The Ohio Historical Society hosts an online index of Boys Industrial School inmates’ case records to improve access to this resource for genealogical and family history research. Currently, this database indexes the admission records from 1858 to 1944. The web address is www.ohiohistory.org/resource/database/industrial
The establishment of the Ohio Reform Farm (or School) was authorized by the Ohio General Assembly on April 7, 1856. A law enacted April 17, 1857, outlined in detail the organization of the institution. Located on 1,170 acres five miles south of Lancaster, Ohio, the Ohio Reform Farm was the first institution in the United States to be operated on the cottage or “family” plan rather than the “big-house” system. Each “family” of 40 boys, who ranged in age from ten to eighteen, was supervised by an “Elder Brother.” The Boys Industrial School was governed by a Board of Commissioners until 1911. At that time, control was given to the newly created Ohio Board of Administration, which in turn created a Bureau of Juvenile Research in 1913 to “test, examine, and evaluate delinquent juveniles entrusted to its care.” In 1921, this bureau was transferred to the Ohio Department of Public Welfare. The Ohio Department of Mental Hygiene and Correction began overseeing the Boys’ Industrial School in 1954. In 1963, the Ohio Youth Commission was created and assumed control of the Boys’ Industrial School. The institution ceased to operate as a juvenile reformatory in July 1980. The campus was converted to a medium security prison (Southeastern Correctional Institution) for adult offenders under the supervision of the Ohio Department of Rehabilitation and Correction.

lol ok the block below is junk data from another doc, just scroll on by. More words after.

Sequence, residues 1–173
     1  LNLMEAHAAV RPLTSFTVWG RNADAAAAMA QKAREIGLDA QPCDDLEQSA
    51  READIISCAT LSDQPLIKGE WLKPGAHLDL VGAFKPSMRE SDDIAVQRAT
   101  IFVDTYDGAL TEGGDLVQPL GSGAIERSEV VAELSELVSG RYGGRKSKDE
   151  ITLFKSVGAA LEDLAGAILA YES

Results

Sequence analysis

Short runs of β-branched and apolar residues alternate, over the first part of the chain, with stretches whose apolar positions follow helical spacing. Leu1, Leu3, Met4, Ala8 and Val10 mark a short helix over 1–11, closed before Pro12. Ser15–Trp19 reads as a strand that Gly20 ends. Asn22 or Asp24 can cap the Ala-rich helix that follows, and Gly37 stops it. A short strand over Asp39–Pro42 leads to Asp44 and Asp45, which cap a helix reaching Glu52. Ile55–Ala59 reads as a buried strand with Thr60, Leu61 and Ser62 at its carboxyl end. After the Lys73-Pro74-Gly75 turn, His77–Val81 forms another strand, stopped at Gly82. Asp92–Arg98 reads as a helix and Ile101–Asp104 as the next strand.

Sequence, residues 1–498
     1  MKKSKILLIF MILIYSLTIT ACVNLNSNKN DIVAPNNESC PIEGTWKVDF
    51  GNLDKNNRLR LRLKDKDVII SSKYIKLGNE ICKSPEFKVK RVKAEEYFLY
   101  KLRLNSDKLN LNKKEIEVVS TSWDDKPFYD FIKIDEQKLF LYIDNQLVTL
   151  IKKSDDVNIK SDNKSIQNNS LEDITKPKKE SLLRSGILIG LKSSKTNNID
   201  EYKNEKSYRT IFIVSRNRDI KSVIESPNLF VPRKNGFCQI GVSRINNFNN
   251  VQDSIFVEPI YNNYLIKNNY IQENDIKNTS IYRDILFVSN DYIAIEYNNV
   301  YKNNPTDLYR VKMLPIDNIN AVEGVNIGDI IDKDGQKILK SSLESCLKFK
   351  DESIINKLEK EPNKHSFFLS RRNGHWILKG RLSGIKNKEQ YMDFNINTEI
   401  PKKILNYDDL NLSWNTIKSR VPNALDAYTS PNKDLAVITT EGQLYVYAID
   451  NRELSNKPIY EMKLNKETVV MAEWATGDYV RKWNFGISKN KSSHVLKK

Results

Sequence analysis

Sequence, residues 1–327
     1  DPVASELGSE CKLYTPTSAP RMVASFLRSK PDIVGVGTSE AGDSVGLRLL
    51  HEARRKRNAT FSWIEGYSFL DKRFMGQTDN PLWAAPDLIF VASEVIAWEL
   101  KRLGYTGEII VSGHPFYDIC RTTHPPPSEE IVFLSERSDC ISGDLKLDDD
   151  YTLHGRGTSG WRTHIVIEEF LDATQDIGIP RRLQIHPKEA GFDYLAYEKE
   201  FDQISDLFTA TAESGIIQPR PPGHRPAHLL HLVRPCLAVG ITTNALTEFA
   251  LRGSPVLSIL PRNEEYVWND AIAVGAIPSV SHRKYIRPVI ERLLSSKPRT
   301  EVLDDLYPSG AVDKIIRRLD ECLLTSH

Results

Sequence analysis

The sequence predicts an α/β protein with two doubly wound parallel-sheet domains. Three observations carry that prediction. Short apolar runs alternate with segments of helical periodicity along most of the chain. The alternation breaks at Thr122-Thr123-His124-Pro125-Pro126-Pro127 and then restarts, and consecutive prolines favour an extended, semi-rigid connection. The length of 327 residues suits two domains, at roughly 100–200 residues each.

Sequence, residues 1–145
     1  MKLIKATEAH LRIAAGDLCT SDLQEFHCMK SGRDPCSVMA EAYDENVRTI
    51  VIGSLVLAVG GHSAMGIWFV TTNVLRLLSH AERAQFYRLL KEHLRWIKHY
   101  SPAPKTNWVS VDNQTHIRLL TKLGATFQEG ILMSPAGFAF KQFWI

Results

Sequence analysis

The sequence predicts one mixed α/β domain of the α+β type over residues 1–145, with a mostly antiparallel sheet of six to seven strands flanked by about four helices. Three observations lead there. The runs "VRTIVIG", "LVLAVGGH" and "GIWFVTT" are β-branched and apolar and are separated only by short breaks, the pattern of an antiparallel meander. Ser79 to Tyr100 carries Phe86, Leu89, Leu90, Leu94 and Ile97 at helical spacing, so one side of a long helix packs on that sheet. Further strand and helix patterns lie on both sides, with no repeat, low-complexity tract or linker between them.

Early records consist of a double page spread is divided into six columns: Name and Parentage (birthplace, date received, parents’ names and nationality); Commitment (offense, by whom committed); Education (including Sunday School for some years); Health and Special Marks; Employment (including parents’ occupations for some years); and Miscellaneous (bad habits such as tobacco, profane language, intoxicants, truancy; and remarks on discharge). Beginning in 1913, the form of the entries changed to one page per boy, and added more information, such as previous commitments and family data.
The Industrial School trained young men to specific trades and then placed the youth outside of the institution to work in these trades. In some cases, these placements were not successful, and the boys were re-committed to the School. Each time a youth was committed to the School, the original Inmate Number was used. Thus a name with multiple entries will have multiple commitment records.
You may use this index to obtain information about any admission records that you wish to order. You may use the microfilm containing the original inmate case records free of charge in the Microfilm Reading Room at the Ohio Historical Center in Columbus, and make copies there for a nominal fee, currently 25 cents per page. If you wish to mail in your request, Research Services staff will make uncertified copies and mail them to you for $7.00 per record.